I decided to give away my book, Explanating, for free. The website has links to download the book without charge and also links through to Amazon and Lulu. I asked people to download the free one then, if they enjoyed it, they could come back and buy it.
Twelve months later, I now have the answer.
Erm. Yeah. Not quite as successful as I would have liked. Still, the point was to measure the 'conversion rate'. Admittedly, it's a small sample size but it would appear to be about 0.6%. At this rate, I only need another 97,465,886 people to download the free one and I'll have made £1,000,000! Sweet!
Bookmarklets are the handiest little things. In case you don't know (which I'm sure you do), they're small chunks of JS that you store in your browser's Bookmarks or Favourites section which you can launch while looking at any web page. I write bookmarklets for all kinds of different tasks – navigating quickly around the build monitor at work, filling in tricky forms that my browser autocomplete doesn't handle, etc.
Here are a few of bookmarklets I find extremely useful for web development. To add them to your browser, simply drag the link on the title into your bookmark bar, hold shift down and drag or right-click and 'Add to Favourites', depending on what browser you're in.
A variation on the above bookmarklet, this simply adds the latest version of jQuery. If you want to be able to play with a page and are familiar with jQuery, this will ensure that it is loaded and attached.
This isn't so much a web dev helper, more a general helper. I use this (or a variation thereof) to submit posts to specific reddits with fields prefilled. This bookmarklet defaults to the webdev subreddit.
I can't remember whether I wrote this one or if I found it somewhere. The 'x<style>' is something from the middle of jQuery, though. Anyhow.
This allows you to add a style block directly into the page. This is useful for small CSS injections where the browser's web inspector is unavailable or incapable. Even though it's a single prompt that pops up, there's no reason why you can't past an entire stylesheet in there. I sometimes find myself doing that when I'm previewing designs on a production server.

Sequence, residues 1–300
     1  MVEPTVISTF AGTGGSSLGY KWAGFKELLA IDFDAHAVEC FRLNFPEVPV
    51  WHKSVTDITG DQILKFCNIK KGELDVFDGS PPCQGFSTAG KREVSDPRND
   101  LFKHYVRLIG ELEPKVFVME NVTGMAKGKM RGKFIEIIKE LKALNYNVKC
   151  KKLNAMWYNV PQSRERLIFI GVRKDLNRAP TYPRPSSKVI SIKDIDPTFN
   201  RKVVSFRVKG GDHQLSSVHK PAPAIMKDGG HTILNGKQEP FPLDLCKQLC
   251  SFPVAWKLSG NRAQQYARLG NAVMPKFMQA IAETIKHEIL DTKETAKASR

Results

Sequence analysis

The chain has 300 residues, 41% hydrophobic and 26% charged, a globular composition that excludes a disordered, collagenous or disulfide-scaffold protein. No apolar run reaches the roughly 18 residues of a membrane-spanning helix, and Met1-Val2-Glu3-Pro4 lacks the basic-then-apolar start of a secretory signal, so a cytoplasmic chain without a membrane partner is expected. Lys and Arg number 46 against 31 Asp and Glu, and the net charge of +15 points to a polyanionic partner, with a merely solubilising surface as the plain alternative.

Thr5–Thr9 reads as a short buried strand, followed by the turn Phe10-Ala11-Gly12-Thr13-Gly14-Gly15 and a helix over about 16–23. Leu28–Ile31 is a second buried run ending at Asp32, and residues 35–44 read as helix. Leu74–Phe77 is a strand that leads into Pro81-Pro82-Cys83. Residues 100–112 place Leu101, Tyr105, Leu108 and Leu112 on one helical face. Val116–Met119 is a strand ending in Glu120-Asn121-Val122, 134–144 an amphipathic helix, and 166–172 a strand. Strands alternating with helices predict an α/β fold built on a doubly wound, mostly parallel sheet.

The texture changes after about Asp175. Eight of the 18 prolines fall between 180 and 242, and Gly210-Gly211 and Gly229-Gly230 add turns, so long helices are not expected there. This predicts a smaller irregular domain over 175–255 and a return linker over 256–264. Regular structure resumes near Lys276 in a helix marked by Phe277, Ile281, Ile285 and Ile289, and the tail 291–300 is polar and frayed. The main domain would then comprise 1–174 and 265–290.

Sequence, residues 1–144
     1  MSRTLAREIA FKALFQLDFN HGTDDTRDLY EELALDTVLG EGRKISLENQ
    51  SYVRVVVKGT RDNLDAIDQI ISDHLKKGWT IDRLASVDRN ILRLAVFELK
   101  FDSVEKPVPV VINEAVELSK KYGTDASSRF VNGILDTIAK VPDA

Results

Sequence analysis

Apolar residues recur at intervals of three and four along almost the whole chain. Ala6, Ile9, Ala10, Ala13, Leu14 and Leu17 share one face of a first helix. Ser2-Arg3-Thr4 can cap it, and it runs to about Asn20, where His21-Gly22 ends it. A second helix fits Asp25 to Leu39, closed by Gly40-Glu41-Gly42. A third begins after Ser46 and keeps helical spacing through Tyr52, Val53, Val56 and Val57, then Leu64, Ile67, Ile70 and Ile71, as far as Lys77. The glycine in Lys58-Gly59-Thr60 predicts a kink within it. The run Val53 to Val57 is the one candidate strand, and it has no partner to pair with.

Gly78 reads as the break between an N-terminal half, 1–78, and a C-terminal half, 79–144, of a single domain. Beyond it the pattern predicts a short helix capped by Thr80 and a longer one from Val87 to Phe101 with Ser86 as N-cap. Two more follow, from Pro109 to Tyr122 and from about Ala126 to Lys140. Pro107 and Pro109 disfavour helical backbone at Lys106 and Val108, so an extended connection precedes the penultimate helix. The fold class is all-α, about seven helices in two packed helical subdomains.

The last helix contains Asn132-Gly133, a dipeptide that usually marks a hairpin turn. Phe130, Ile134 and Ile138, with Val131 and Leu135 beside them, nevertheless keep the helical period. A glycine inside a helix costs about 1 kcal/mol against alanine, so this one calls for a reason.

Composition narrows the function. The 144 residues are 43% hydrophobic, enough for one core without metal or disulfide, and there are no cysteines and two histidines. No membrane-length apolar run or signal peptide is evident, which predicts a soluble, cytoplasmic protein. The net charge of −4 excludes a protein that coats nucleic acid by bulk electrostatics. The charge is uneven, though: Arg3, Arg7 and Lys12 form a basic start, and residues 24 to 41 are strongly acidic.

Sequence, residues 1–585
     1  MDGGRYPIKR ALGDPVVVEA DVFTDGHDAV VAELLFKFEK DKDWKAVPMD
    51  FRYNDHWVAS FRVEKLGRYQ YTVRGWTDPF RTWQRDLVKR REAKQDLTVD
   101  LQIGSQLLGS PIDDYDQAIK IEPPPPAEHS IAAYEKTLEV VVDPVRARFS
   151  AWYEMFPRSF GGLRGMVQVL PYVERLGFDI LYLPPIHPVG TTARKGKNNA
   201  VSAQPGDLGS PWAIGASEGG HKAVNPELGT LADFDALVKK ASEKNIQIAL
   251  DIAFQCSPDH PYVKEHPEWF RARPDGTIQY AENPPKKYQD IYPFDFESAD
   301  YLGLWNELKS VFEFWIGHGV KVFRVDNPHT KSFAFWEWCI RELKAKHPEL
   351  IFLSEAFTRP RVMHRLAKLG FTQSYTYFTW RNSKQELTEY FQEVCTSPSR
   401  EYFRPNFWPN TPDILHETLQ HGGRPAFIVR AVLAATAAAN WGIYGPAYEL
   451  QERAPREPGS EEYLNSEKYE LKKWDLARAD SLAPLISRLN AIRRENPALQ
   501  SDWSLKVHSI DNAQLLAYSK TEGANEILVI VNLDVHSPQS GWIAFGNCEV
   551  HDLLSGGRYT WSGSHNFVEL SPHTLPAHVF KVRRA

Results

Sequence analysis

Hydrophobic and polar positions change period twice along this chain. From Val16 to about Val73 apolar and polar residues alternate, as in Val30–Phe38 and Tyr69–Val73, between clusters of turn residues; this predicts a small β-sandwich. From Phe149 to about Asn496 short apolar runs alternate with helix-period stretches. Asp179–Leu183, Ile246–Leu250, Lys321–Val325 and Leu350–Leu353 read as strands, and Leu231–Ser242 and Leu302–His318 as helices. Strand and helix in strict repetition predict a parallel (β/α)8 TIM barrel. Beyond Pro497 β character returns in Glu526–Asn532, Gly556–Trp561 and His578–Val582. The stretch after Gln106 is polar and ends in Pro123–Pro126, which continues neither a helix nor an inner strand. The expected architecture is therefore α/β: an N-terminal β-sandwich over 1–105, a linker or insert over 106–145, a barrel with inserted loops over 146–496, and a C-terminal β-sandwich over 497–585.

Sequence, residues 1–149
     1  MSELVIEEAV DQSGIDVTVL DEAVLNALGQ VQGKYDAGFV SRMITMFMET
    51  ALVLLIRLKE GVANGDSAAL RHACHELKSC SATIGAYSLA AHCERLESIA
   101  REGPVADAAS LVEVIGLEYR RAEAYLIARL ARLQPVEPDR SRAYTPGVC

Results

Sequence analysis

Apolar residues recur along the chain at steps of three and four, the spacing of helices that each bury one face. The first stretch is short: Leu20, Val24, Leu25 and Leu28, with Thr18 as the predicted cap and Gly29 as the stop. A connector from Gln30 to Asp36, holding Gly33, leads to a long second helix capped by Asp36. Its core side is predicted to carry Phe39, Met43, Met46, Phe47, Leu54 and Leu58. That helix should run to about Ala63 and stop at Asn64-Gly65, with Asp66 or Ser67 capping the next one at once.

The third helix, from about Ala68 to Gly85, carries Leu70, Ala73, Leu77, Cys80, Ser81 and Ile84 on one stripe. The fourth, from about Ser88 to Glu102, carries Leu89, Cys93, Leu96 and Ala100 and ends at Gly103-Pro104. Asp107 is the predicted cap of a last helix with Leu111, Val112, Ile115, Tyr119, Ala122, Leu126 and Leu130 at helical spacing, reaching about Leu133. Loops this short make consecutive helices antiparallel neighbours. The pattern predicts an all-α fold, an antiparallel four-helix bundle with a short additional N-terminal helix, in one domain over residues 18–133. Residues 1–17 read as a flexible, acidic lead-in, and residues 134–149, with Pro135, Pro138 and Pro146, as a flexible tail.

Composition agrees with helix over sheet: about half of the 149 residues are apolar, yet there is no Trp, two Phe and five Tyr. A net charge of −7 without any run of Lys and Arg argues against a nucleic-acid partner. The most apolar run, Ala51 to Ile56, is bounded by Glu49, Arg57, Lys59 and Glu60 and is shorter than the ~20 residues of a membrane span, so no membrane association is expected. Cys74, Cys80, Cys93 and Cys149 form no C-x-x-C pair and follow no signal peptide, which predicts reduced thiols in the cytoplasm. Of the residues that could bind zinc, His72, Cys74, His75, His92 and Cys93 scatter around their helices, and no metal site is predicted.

While putting together last week's promo video for Museum140 (a vote'd be awsm, btw), I knocked up a few tools to make my life easier. As I always say, if you find something you like, make a plugin for it. Seriously, I always say that. That might even be how I proposed to my wife, I'll have to check.
This is a simple timing helper. It just provides a little array you can push slide durations into and at the end, you call 'play'. I can't see many uses for this other than in creating videos.
ImpressJS.play(3000); //Set the first slide duration for 3 seconds
ImpressJS.play(1000); //Set the second slide duration for 1 second
ImpressJS.play(); //Play from the start
This is much more useful.
If this script is included in the page (after the impress.js script), you can drag your slides around, rotate and scale them into exactly the position you want. Once you're happy, you can get the current HTML output onto the console for pasting back into your original slideshow file. I could have snuck in a drag-n-drop file handler but that would make it Chrome only.
These tools rely on ImpressJS having a public API which it currently doesn't have. It's obviously high on the author's priority list (given the amount of discussion it's raised) but, as too many pull requests spoil the broth, I've made a little fork of my own, added the public functions the tools require and I'll update them once the main repository's settled down a bit.
These are available in the tools folder of this fork of impress.js. Each one contains an example. Hopefully, these will be updated to use the public API as soon as it's available.
As regular readers are probably aware, one of my side projects is helping out Museum140 with tech and design support (building websites, designing stickers, etc). Jenni's the main driving force behind some of the coolest “Museums and Social Media” projects of the past year.
The Museum140 project is in the running for a Shorty Award so I thought I'd help out by making a promo video. Of course, it's always best to play to your strengths so I built the video as a web page…
HTML5 slideshows are all pretty cool (I even used one myself a few months back) but most of them deliberately emulate traditional slide presentations. When I saw ImpressJS for the first time last week, I was astounded. Its style is based on prezi.com but built using CSS3 rather than Flash. As well as being an inventive way of giving presentations, it also gave me an idea.
A couple of hours coding later and we've got a simple but stylish video with every word and phrase positioned perfectly. I wrote a little helper function to assist in creating a consistent timeline and recorded it in Screenflow. After that, I spent 10 minutes with the other kind of keyboard and came out with a nice little piece of background music, too.
There you go, ImpressJS is not only good for slideshow but also promo videos. Not bad.
It would also be remiss of me if I didn't ask those of you with a twitter account to at least consider voting.